How long does it take to become good at conducting job interviews?
November 30, 2007 8:12 AM   Subscribe

How long does it take to become good at conducting job interviews (as an interviewer)?

Lately, I've been conducting job interviews at work. I've interviewed three candidates in the last month or so. I suck at this. Please help me.

I am one person on a circuit of interviewers. I am not the hiring manager (my boss is). The candidate would be hired as my peer.

My job is to ask questions assessing whether candidates have the day-to-day skills required to do my job. The problem is, all three candidates I have interviewed are switching careers. I always get them to talk about how they developed past projects that were similar (which they submitted to show aptitude), but they just bomb out on the questions that I ask because they are unfamiliar with the framework we use to do the job in a professional capacity.

Once the candidate bombs a question, I get really thrown off. I have no idea how to interview career changers and how to try to tease out whether or not somebody is likely to be able to learn our framework.

I also bungle interview timing. I tend to get to the end of the alloted time without having asked questions about some areas of interest. I can't put my finger on where or how I get off-track.

All three of the interviewees also asked me at various points in the interview "what are you getting at". I guess people are trying to figure out what I want to hear.

I leave the interviews feeling like I didn't really ask the right questions to figure out whether or not this person has the aptitude to learn the skills we need. I'm left making a hire/no hire recommendation based on a gut instinct for "team fit" than anything else.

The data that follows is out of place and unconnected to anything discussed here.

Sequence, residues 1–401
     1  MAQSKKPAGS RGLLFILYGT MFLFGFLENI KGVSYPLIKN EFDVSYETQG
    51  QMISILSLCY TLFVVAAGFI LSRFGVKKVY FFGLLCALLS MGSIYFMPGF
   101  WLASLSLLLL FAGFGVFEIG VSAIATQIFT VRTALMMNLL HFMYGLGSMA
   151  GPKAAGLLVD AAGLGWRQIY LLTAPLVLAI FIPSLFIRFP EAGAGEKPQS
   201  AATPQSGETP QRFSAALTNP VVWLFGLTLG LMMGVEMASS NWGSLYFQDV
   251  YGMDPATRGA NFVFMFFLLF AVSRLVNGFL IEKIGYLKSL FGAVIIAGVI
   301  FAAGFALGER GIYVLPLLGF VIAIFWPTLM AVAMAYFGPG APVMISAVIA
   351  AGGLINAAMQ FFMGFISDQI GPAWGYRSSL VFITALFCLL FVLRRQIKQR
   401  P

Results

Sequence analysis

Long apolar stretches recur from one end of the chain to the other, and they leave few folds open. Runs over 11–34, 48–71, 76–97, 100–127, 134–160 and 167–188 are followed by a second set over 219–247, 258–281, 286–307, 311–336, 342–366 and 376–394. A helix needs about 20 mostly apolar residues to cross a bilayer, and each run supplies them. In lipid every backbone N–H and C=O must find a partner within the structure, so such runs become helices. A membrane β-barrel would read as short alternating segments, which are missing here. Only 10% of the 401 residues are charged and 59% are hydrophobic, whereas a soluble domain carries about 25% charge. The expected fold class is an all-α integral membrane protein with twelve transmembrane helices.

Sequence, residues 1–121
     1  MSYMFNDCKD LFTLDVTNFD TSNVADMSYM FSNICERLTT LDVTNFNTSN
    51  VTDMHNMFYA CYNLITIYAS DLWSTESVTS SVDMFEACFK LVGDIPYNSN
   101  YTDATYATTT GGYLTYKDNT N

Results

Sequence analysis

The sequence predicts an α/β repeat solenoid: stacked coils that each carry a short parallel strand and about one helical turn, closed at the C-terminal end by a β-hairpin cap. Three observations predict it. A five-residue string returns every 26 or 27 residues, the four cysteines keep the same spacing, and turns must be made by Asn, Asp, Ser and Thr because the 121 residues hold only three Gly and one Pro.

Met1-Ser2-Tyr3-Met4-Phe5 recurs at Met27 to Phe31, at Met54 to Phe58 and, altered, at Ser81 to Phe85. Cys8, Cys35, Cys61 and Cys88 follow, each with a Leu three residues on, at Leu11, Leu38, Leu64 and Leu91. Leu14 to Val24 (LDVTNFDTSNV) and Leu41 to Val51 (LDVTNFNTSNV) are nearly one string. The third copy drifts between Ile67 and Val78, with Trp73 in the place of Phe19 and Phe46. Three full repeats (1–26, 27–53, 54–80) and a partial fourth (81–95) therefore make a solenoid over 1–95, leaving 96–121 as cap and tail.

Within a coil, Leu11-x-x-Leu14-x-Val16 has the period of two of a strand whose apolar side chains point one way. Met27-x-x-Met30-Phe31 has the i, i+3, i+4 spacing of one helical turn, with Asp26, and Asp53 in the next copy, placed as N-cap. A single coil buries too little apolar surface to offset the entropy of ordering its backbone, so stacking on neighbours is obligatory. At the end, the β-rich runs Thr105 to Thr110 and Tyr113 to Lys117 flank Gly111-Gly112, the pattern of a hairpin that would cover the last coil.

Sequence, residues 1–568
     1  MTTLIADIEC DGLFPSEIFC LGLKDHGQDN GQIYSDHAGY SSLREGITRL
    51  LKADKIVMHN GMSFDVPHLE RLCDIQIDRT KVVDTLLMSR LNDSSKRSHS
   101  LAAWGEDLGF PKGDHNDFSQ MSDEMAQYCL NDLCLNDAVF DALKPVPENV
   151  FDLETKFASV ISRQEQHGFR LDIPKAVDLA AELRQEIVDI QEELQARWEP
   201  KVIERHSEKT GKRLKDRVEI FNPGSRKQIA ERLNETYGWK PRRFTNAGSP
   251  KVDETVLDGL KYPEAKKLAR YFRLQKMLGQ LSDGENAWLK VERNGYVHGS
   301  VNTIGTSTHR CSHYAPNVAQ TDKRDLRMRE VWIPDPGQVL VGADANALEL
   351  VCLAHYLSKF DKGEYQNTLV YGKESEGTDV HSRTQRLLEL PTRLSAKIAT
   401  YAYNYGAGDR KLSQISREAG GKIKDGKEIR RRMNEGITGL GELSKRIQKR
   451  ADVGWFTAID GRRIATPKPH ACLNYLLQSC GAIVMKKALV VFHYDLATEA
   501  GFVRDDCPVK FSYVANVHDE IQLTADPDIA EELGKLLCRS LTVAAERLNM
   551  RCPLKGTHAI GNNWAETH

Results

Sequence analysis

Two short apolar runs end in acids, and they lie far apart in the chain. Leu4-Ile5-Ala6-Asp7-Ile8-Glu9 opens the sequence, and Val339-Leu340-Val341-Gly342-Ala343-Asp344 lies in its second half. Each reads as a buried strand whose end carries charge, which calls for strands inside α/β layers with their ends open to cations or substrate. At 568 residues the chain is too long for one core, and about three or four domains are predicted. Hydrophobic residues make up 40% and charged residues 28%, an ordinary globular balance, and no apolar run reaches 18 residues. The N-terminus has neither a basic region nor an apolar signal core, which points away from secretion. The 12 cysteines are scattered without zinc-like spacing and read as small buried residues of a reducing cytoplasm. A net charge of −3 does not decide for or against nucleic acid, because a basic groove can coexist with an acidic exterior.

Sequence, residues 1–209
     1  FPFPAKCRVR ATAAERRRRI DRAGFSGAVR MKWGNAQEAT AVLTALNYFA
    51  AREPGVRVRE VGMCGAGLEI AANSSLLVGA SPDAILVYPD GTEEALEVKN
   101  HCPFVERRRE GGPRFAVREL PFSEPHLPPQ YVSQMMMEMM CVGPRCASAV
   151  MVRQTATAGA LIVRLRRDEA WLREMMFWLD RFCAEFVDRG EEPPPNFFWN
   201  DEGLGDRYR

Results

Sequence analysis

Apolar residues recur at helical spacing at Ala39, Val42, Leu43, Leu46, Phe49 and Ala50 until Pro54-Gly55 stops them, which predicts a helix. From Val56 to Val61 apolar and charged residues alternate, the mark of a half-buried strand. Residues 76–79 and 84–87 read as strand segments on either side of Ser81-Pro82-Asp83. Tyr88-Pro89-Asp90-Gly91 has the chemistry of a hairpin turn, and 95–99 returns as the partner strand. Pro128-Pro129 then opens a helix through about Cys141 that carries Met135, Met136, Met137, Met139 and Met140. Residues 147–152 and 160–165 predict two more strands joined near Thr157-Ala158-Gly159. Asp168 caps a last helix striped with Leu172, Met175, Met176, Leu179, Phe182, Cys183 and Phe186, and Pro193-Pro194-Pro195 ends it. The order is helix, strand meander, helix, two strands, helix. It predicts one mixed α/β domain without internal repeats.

I know about behavioural based interviewing but I don't know how to ask probing questions. I usually follow up with one or two questions, but I don't think that I really get to the bottom of an issue.

So, how do I learn how to do this? How do I practice interviewing without running the risk of making/recommending bad hires? Do you know of good books or resources that can help me? And how many job interviews did you do before you felt comfortable with the process? Thanks
posted by crazycanuck to Work & Money (8 answers total) 4 users marked this as a favorite
My first interview went terribly. My second interview was a little better. My next few interviews went considerably better, though I wouldn't call myself an expert. I do feel more comfortable with it, though.

What helped me was to make a list of the topics I wanted to cover and then share that list with coworkers to see if they've got anything to add. If you know beforehand what you need to know, it's just a matter of asking. Getting someone else's input on those questions can help, too.

I don't know what kind of position you guys are hiring for, but I like to ask a combination of skill-related questions and personality questions. It also helps the interviewee feel a little more comfortable when they get to talk about something lighter like their hobbies or their first job. When they relax, you'll relax (and vice versa).
posted by katillathehun at 8:25 AM on November 30, 2007

Check out the site for some very helpful articles on all aspects of recruiting and hiring. Try doing a google search of the site with the keyword "interviewing" and you'll probably find some helpful suggestions.
posted by sevenyearlurk at 8:35 AM on November 30, 2007

I interview a lot. I always start the interview off by telling people to talk of SPECIFIC examples when answering questions. I tell them to draw from previous jobs, classroom project teams (if new graduate) and outside groups. I remind them that most experiences are relavant and that the examples do not have to be work related. If they answer in general terms, I follow up with "tell me about a specific instance where you did that/ thought that".